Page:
If you were hoping the cord-cutting movement was slowing down, it isn't. The United States' biggest cable television service providers collectively lost at least one million subscribers during the first quarter. And assuming DirecTV didn't reverse its long streak of customer attrition (the company no longer discloses its subscriber metrics), the actual number of subscriber losses for the industry is even greater.
Counting DirecTV's likely attrition as well as all the smaller, regional cable television service providers, Leichtman Research Group estimates just under two million households in the U.S. cut the cord last quarter. Compared to Liechtman's estimate that 4.7 million U.S. consumers cancelled their cable TV service last year, the trend is not only still going strong but accelerating.
These people aren't giving up on television altogether. They're simply changing what they watch and how they watch it. Unsurprisingly, self-bundled streaming services are filling the void, and they're doing so at a pace that might surprise you in light of how rapidly the streaming on-demand market has already grown due to the COVID-19 pandemic.
Spoiler alert: While streaming's growth is technically slowing down, there's plenty more room for the industry to keep expanding here and abroad, chipping away at traditional cable in the process.
Coming and going
As of the latest count, the country's six biggest cable TV providers, including Comcast's (CMCSA 0.72%) Xfinity, Charter's (CHTR 0.56%) Spectrum, and Altice USA (ATUS 1.44%) -- which account for about 95% of the market -- are serving 65.2 million households. That's down more than 20 million customers as of the same quarter of 2018, and down on the order of 40 million from 2013, according to estimates from eMarketer.
For perspective, the U.S. Census Bureau reports there are 122 million total households within the U.S. Only half of them still subscribe to cable, down from a little over 80% less than 10 years back.
If you think the remaining half is too addicted to pricey cable plans to cut the cord though, think again. Standard & Poor's research arm, Kagan, believes the U.S. cable television industry's total annual revenue will shrink from last year's $91.1 billion to only $64.7 billion in 2025, closely mirroring Digital TV Research's expected $23 billion contraction for the industry between 2019 and 2025.
The money consumers are saving by cutting the cord is going to streaming services like Netflix and Disney+, as well as less mainstream streaming services like Discovery+ and documentary-focused CuriosityStream. The world's most prolific streaming services collectively added 26.5 million subscribers last quarter alone.
It's not a perfect apples-to-apples comparison, to be fair. The cord-cutting data above only measures the U.S. cable industry's meltdown, whereas the streaming industry's subscriber growth is a mostly global measure.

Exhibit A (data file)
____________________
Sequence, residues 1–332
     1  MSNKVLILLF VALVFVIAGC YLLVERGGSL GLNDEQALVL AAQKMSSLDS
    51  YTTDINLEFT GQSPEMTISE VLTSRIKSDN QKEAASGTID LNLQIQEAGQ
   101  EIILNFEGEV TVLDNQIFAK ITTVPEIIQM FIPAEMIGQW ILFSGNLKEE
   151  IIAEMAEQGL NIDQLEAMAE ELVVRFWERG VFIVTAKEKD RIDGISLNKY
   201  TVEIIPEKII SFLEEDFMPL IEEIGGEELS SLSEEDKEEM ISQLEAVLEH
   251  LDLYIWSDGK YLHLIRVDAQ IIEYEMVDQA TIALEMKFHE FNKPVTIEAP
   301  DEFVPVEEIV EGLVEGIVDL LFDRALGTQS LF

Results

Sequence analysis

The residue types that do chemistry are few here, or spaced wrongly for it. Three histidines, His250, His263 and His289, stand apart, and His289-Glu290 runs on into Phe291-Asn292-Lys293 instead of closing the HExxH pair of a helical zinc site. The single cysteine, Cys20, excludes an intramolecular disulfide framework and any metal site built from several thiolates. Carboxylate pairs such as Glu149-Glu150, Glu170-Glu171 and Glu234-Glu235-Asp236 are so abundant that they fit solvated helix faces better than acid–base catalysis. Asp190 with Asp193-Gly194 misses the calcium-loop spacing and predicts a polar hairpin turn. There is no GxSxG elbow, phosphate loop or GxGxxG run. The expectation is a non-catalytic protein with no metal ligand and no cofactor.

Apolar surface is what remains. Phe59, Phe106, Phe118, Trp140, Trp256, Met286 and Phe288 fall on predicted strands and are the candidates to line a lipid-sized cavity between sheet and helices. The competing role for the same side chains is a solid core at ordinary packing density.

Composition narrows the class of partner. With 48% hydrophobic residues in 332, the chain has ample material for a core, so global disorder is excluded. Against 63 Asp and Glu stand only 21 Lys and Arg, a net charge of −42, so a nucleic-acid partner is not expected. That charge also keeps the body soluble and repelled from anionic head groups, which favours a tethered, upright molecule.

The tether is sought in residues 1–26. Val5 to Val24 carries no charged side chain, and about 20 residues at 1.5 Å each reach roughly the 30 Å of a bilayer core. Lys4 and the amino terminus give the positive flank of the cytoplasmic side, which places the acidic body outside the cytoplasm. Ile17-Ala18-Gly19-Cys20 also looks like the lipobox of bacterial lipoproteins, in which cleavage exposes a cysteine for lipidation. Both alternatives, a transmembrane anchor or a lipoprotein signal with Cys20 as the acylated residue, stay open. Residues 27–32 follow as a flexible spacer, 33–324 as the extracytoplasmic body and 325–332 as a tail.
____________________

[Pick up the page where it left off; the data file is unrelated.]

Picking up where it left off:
Still, the U.S. is the world's biggest and most important streaming market. The global data is a great proxy for what's happening within the country, and to the country's cable business.
Room to keep growing
Granted, streaming may be encountering its own challenges. Hub Research reports the average U.S. household now gets television content from a whopping 7.4 different sources, while J.D. Power says the typical household is spending on the order of $50 per month on streaming subscriptions. That's in addition to the cost of the high-speed internet needed to make these services work. Even after removing cable service from their monthly bill, consumers only have so much time and money to devote to alternatives like Netflix or Paramount+.
There's still plenty of room left, however, for streaming uptake that continues to chip away at traditional linear cable.
Hub Research's figure of 7.4 television content sources per household? That includes cable television and free, ad-supported services such as Peacock or Tubi (owned by Fox). Adding more content to this already sizable mix of offerings that makes cable unnecessary wouldn't even add to a consumer's monthly bill.
Even within the premium, ad-free world, there's room for the major names to grow. Hub Research's recently published report also notes that only half of the U.S. subscribes to all of the so-called "Big Five" streaming platforms, which are Netflix, Disney+, HBO Max, Amazon Prime, and Hulu. The other half could still add at least one -- if not more than one -- of the biggest five providers without really breaking a sweat. In fact, when polled by Hub, only 23% of consumers said they'd cancel one paid streaming service to add another. The other 77% reported they'd simply add the new one without getting rid of one they already subscribe to.
The point is, the key driving forces behind the domestic cord-cutting seen thus far are still fully intact.
Still a must-watch matter for investors
It's not necessarily disastrous for cable companies. Take Comcast for instance -- its Xfinity banner has been shedding cable subscribers for years, but it's a broadband service provider as well. It's also the name behind ad-supported streaming service Peacock, which after a slow start now serves 13 million paying subscribers. When counting free users, that number rises to 28 million monthly users. Simply moving customers from one service to another, however, isn't exactly a recipe for growth.
Whatever the future holds, this much is certain: Cord-cutting is still well underway, and largely because streaming is still growing.